1¢ - Green, deep green
Printing Method: FLAT PLATE
Subject: Benjamin Franklin
Number issued: 16,072,400
Scott #: 575
Issued: March 20th, 1923
$2 - $3
No postmark with gum (MH)
$1 - $2
Full perfect gum, no postmark
no trace of stamp hinge mark (MNH)
$2 - $5
#575 was issued with the following plate #'s
15331-44, 66, 72, 98, 99
16400-32, 56, 89-90
There still being one manufacturer who used coils privately perforated this stamp was issued in four hundred subject sheets. It was also on sale at the Philatelic Agency and collectors had easy access to copies. However, the introduction of the 3,000 subject coils having made their further issuance unnecessary this practice was discontinued late in 1927. Most collectors and dealers believing the supply at the Bureau would long remain available failed to make the most of the opportunity and did not obtain sufficient copies to fill their needs. This variety is therefore more desirable than the perforated copies though more plentiful than the one cent imperforate stamp.
Because of the easy availability of mint copies from the Philatelic Agency almost all copies that survive today are unused. Blocks with cancels are scarce as the manufacturer had ordered them from the bureau for use as coils. Blocks would have been used on philatelic covers
Each pane of 100 on a sheet of 400 stamps were separated by guide lines. Seen above are two examples. The first one illustrates the guideline at the margin of the sheet, there being four of these on a sheet. The second one illustrates the crossing of the guidelines at the center of the sheet, there being only one example in each sheet. They sell for $7 and $25 respectively.
If an ordinary 10 perforation stamp were to be taken from a stamp vending machine by a customer it is highly likely it would tear. That would leave the customer with half a stamp in their hand and the other half sticking out of the machine. In order to solve this problem the makers of vending machines purchased coils of stamps without perforations and, under licence, perforated them themselves. Various perforations were tried, some with large holes, some with a few small holes, and some with rectangles.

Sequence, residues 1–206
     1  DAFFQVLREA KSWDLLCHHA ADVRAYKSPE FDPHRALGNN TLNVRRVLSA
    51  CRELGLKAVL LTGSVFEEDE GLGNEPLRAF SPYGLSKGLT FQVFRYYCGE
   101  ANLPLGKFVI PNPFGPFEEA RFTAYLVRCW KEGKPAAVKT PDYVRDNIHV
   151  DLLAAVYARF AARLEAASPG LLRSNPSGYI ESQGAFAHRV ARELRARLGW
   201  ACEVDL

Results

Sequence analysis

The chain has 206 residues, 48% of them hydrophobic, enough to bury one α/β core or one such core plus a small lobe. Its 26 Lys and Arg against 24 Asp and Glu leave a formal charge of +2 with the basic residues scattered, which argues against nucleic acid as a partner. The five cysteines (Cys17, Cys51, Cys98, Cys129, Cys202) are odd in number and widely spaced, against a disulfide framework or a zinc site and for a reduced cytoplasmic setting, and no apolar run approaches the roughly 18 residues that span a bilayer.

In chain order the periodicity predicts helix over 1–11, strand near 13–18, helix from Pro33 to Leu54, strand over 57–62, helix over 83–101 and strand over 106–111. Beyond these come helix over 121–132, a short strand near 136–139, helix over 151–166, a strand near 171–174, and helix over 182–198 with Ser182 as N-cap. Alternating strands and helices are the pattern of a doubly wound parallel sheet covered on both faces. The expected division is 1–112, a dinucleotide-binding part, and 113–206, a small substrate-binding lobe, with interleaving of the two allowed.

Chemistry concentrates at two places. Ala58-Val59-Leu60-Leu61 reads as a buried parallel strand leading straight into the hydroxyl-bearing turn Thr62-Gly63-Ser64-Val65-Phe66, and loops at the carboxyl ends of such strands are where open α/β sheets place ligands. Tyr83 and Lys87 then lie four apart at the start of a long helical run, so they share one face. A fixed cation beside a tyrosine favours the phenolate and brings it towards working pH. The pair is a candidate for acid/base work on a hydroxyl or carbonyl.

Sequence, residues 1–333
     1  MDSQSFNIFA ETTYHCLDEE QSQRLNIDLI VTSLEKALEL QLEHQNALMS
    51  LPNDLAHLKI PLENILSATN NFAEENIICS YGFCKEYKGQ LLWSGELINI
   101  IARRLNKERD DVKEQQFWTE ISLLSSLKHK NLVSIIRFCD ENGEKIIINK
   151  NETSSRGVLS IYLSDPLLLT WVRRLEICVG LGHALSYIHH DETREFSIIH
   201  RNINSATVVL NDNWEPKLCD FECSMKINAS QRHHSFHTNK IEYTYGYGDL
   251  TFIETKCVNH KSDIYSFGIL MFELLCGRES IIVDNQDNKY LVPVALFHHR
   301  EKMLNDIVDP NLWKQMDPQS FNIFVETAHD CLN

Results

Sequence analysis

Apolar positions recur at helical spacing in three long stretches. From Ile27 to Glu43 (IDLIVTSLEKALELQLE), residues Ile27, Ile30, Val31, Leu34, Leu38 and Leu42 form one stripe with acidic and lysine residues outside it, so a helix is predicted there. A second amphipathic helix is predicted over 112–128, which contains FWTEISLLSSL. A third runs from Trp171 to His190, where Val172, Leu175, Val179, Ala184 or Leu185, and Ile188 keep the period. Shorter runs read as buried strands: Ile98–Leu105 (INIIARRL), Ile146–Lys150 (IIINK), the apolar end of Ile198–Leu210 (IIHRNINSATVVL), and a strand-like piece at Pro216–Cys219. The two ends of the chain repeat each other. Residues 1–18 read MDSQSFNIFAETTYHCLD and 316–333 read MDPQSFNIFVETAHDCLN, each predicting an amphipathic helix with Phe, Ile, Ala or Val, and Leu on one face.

The type III perforation shown here was one of the most successful in preventing the stamp tearing, it was also the most widely used.
The Schermack Type III perforations were developed by the Schermack Mailing Machine Company before it became the Mailometer Company by acquisition. The Type III pattern was used in the Mailometer affixing machines from 1908 through 1927.
The name of the company went through several changes, from the original "Detroit Mailing Machine Company", to the "Schermack Mailing Machine Company", and after Schermack resigned to the "Mail-om-eter Company" and finally to the "Mail-O-Meter Company" or simply "Mailometer Company".
Many genuine issues produced with Schermack Type III perforations also have their fake counterparts. Under strong magnification examine the rectangular holes of a genuine Schermack perforation. Compare them carefully with the item in question. Fakes often show a very sharp, cleanly cut edge that is not indicative of the genuine